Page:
Election season is upon us. No matter where you sit on the political spectrum, I hope that you agree that voicing your opinion by casting a vote is vital to protecting our freedoms and shaping our government.
Voting is the chief right and duty of all citizens. Our founding fathers granted a vote to white landowners at the founding of our nation. Later, after tremendous struggle, people of color, women, and other minority groups formerly excluded through acts of voter suppression rightfully claimed the vote for themselves. Suffragists acts of sacrifice and their willingness to put their lives on the line reminds us of the importance of this foundational civil right.
Our ballots arrived in the mail last week, and from that moment my boys were eager to vote. Their anticipation was so great, it was the first thing they asked my partner to do when he returned from a business trip. This came even before requests for bike riding and board game playing, as well as showing off their latest art projects. Even though my boys aren’t of voting age, they understood this was important and they were excited.
This presidential election cycle has had an extraordinary amount of inflammatory rhetoric. As such, I’ve sought to shelter my boys (and myself!) from a lot of it. That said, I love a good policy debate. I also spent a lot of time talking with my children about how our government functions on the Federal, State, and Local levels, as well as the issues we would be voting on in this particular election. Elections, even this one, are about so much more than one big race.
We did not vote the instant my husband returned. Instead, we sat down to vote as a family when we had a large chunk of time. We gave our boys the option of participating as much or as little as they liked.
While they both started out gathered around the table, my 3-year-old lost interest pretty quickly. He couldn’t comprehend much of the language on the ballot, and even our discussions largely passed over his head. He sometimes sat on my lap as we worked. But most of the time he sat on the floor nearby, working on his own projects as our voting discussion carried on in the background.
My 7-year-old, however, paid rapt attention throughout the entire process. He listened as we read through each one of the ballot measures, and we had a long ballot this year – with 9 state issues, 4 county issues, plus elections for all sorts of Federal, State, and Local officials. He paid attention as we expressed our opinions about how we should vote and the reasons why. He attended as we worked through arguments for and against various measures. While some of our selections were obvious and immediate, others took us a while to decide. He wanted to hear it all.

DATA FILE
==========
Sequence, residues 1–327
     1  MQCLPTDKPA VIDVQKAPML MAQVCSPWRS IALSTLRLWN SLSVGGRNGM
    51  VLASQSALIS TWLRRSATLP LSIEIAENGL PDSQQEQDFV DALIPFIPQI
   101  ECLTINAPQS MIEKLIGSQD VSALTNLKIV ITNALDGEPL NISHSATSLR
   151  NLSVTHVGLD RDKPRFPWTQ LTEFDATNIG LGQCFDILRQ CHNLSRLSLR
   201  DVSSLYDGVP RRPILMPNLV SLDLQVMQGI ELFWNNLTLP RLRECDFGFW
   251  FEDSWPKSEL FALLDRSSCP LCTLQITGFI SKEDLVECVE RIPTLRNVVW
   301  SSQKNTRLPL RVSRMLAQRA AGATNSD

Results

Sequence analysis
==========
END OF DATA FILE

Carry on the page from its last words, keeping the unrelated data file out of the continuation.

Not only that, my 7-year-old engaged with us in the deliberative process. He asked questions about language he didn’t understand (ballot measures are frequently convoluted). He voiced his opinions. He provided support for his reasoning. He debated with us.
By the end, we were all satisfied with our votes. He sealed up our envelopes, and went with me when I dropped them off at the County Clerk’s office.
This will likely be the first election my son remembers, as it’s the first one he’s truly engaged with. I hope that through it, I’ve helped to instill in him the importance of voting and given him a glimpse into the policy debates that shape our nation.
Whether or not you speak with your children specifically about the election, kids pick up a lot of information simply by living in the everyday world and hearing people’s conversations or hearing reports on the radio or television. I think it’s imperative for parents to talk with their kids and to help them to understand the electoral process and its significance.
After all, our children are future voters and decision makers. Let’s teach them that this is a vital responsibility. And let’s show them that a concerned group of citizens can make a difference. Even on the local level, perhaps especially on the local level, every vote is significant.
Have you voted yet?